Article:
This is actually from the Kibirigwi Farmer's Cooperative in the Kirinyaga region, but they take their coffee up to the Ngugu-ini factory to be washed. The Ngugu-ini factory is on a foothill of Mt. Kenya (tallest mountain in the country), and uses fresh river water from the mountain. So it has those two things going for it. Plus, the farmers grow the SL-28 and SL-34 varietal which has that black currant, red wine taste that you find in the classic legendary Kenya coffees. The varietal is low-producing and hard to grow plant, but the farmers who grow them are well-rewarded for their effort, as you can see in the price for this coffee.
This bean is pretty easy to roast but the landing can be tricky. What I try for is about 30 seconds past the end of the 1st cracks. If you're a couple degrees too light, you get more citrusy flavors, namely grapefruit which is not a bad thing. But if you get it past that, you get the red wine, blackberry, currant, juicy Kenya that I love and look for every year. And if you accidentally go a few degrees too dark you get less juiciness and the flavors flatten out, although it's still a great mug of coffee. But right at the sweet spot you will taste a coffee that starts with tart currant/blackberry, has that Kenya acidic Grapefruit acidity dancing on your tongue, and then it ends with a tart grape dryness much like a dry red wine feels in your mouth.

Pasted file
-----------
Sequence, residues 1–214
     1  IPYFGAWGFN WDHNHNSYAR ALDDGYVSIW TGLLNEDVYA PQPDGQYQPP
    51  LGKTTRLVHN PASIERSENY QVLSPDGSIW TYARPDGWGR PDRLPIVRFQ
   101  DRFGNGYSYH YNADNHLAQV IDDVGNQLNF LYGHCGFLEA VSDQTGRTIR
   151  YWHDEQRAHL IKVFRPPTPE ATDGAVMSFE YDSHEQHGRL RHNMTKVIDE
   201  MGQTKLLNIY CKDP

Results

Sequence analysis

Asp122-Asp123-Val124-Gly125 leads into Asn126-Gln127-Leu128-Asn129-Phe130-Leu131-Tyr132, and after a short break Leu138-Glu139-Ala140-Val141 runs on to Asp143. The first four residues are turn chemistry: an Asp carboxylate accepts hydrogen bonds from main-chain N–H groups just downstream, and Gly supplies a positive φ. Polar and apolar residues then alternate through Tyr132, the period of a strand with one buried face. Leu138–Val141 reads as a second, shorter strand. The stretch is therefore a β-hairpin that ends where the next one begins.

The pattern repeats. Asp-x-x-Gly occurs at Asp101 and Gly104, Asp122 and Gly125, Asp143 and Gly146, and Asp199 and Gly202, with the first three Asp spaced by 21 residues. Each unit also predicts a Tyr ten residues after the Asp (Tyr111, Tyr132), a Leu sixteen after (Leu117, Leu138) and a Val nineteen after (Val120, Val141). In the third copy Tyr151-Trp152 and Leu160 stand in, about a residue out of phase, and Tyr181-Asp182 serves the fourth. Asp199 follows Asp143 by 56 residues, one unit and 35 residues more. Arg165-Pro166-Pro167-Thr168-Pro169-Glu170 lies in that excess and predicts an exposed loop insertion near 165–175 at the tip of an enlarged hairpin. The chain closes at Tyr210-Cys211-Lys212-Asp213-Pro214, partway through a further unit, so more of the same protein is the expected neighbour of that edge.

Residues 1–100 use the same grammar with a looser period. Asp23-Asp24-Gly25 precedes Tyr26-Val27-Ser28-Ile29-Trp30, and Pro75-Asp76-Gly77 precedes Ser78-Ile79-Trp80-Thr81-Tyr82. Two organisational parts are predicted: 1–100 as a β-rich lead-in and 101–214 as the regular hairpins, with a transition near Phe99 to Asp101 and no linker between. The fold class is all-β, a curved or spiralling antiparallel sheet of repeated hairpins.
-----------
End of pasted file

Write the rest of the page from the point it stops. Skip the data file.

US Arrival March 2021